For example, a physician may have the skills to do a thyroidectomy, but a particular patient may have special needs. “It is customary to provide a ‘sign-out’ to the doctor covering the call, but this best practice is not always carried out, even though it is essential to providing good care during nights and weekends when a problem may arise,” Dr. Feldman said. “Without knowing the patient, the physician on call may instruct the patient to go to the emergency room. But by having a working knowledge of the patient, the physician on call may be able to offer instructions over the phone or provide care instructions to emergency room staff.”
Explore This IssueOctober 2015
Additionally, having evening and weekend office hours increases patient access to physicians, Dr. Feldman continued. Otherwise, a patient may have to seek treatment at an emergency room.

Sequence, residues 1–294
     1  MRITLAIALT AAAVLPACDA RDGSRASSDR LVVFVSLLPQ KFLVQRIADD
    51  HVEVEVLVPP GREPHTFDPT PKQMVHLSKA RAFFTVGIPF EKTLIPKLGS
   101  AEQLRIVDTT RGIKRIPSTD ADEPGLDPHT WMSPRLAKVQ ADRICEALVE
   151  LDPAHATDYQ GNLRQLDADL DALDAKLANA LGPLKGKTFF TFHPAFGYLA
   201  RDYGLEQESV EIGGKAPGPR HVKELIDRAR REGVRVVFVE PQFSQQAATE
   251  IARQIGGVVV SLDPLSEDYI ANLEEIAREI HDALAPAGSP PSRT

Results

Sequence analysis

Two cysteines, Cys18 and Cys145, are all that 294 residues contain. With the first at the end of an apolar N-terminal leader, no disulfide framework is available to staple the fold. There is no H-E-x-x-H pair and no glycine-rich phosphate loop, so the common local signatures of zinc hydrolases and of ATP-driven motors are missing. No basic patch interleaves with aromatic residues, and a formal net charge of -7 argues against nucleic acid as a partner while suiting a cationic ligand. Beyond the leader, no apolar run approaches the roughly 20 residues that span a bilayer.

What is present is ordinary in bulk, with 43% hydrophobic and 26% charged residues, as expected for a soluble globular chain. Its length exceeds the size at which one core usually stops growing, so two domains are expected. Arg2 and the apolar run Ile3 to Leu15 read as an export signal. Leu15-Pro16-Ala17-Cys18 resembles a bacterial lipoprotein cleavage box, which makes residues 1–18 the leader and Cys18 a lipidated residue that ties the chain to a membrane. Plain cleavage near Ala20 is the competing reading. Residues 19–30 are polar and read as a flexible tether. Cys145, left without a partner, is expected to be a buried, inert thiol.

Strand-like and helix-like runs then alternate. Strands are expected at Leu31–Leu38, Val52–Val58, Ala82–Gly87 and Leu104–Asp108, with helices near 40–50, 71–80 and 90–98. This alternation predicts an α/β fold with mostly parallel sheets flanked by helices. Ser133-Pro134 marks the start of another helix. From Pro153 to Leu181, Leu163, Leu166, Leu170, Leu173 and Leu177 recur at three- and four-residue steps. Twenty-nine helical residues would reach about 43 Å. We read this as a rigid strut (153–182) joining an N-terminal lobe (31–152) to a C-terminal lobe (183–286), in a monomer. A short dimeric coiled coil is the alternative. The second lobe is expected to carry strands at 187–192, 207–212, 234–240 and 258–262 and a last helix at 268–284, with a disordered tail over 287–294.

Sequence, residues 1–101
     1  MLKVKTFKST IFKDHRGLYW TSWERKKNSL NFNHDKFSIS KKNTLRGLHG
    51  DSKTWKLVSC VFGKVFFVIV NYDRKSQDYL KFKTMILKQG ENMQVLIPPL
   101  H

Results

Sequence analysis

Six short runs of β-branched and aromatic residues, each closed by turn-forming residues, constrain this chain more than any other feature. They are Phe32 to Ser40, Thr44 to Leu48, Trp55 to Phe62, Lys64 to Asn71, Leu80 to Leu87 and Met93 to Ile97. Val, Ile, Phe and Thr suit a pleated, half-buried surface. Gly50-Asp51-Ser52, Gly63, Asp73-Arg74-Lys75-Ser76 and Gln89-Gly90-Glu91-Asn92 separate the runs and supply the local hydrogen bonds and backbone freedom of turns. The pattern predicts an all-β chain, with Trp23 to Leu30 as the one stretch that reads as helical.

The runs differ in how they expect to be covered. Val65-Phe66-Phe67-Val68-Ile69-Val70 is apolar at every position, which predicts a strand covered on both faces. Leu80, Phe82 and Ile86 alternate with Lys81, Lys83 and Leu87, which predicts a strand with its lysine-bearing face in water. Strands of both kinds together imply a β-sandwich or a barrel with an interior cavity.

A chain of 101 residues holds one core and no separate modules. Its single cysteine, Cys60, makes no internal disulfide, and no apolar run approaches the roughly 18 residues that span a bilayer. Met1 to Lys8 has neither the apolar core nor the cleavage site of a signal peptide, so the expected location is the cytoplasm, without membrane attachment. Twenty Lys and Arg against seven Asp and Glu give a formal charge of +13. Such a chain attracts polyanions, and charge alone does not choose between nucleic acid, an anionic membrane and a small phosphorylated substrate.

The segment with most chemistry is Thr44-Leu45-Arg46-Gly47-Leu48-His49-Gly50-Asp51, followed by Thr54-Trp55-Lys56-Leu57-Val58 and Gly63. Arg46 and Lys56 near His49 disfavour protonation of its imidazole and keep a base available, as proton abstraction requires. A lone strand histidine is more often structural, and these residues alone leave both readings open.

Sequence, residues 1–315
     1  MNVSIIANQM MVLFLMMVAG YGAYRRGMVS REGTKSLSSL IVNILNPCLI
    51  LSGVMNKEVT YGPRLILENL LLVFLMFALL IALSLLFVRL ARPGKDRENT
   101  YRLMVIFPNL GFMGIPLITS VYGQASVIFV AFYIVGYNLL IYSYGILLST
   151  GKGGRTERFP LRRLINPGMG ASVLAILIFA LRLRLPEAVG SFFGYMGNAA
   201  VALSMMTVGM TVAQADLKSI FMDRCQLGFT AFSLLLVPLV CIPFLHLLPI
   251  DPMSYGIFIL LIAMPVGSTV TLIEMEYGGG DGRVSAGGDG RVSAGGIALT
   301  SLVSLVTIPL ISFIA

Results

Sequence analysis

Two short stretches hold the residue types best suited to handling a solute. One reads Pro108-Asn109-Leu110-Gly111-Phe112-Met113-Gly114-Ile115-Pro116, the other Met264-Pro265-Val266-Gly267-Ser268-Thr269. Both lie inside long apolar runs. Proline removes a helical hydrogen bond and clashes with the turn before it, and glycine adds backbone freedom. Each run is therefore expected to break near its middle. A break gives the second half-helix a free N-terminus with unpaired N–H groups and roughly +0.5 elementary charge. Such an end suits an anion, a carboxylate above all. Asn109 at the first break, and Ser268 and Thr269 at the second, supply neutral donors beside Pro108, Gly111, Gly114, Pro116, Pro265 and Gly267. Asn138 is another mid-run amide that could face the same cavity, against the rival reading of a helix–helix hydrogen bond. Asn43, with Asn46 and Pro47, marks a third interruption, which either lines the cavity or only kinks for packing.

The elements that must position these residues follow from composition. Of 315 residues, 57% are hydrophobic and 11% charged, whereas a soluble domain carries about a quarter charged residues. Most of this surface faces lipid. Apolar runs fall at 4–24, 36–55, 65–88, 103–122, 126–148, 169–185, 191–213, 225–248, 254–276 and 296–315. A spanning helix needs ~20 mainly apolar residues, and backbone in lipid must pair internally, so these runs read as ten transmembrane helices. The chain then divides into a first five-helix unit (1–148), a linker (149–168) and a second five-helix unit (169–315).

Another suggestion is to involve more senior and experienced surgeons for high-risk patients. “These doctors may be better suited to manage surgical procedures and recognize potential complications early on,” said Lifei Guo, MD, PhD, chairman of the department of plastic and reconstructive surgery at Lahey Hospital and Medical Center in Burlington, Mass., a teaching affiliate of Tufts University School of Medicine in Boston, where he is an associate professor of surgery.
Many best practices can be employed to prevent otolaryngology patients from returning to the hospital. Among these are partnering with community physicians, using a pre-admission clinic, addressing quality care, preventing SSIs, providing good physician coverage, and involving experienced surgeons more closely in high-risk cases.
Karen Appold is a freelance medical writer based in Pennsylvania.